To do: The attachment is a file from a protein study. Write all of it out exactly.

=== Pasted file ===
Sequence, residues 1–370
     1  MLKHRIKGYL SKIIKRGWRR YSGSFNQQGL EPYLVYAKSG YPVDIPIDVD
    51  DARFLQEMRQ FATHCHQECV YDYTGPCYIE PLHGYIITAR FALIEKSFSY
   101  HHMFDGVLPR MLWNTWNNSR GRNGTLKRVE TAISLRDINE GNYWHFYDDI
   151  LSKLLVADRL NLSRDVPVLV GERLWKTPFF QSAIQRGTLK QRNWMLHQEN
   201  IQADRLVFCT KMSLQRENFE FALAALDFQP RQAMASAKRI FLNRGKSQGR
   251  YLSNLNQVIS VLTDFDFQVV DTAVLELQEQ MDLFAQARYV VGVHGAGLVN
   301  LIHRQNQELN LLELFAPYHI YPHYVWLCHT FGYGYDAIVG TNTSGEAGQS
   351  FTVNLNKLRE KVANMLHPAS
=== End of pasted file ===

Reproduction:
Sequence, residues 1–370
     1  MLKHRIKGYL SKIIKRGWRR YSGSFNQQGL EPYLVYAKSG YPVDIPIDVD
    51  DARFLQEMRQ FATHCHQECV YDYTGPCYIE PLHGYIITAR FALIEKSFSY
   101  HHMFDGVLPR MLWNTWNNSR GRNGTLKRVE TAISLRDINE GNYWHFYDDI
   151  LSKLLVADRL NLSRDVPVLV GERLWKTPFF QSAIQRGTLK QRNWMLHQEN
   201  IQADRLVFCT KMSLQRENFE FALAALDFQP RQAMASAKRI FLNRGKSQGR
   251  YLSNLNQVIS VLTDFDFQVV DTAVLELQEQ MDLFAQARYV VGVHGAGLVN
   301  LIHRQNQELN LLELFAPYHI YPHYVWLCHT FGYGYDAIVG TNTSGEAGQS
   351  FTVNLNKLRE KVANMLHPAS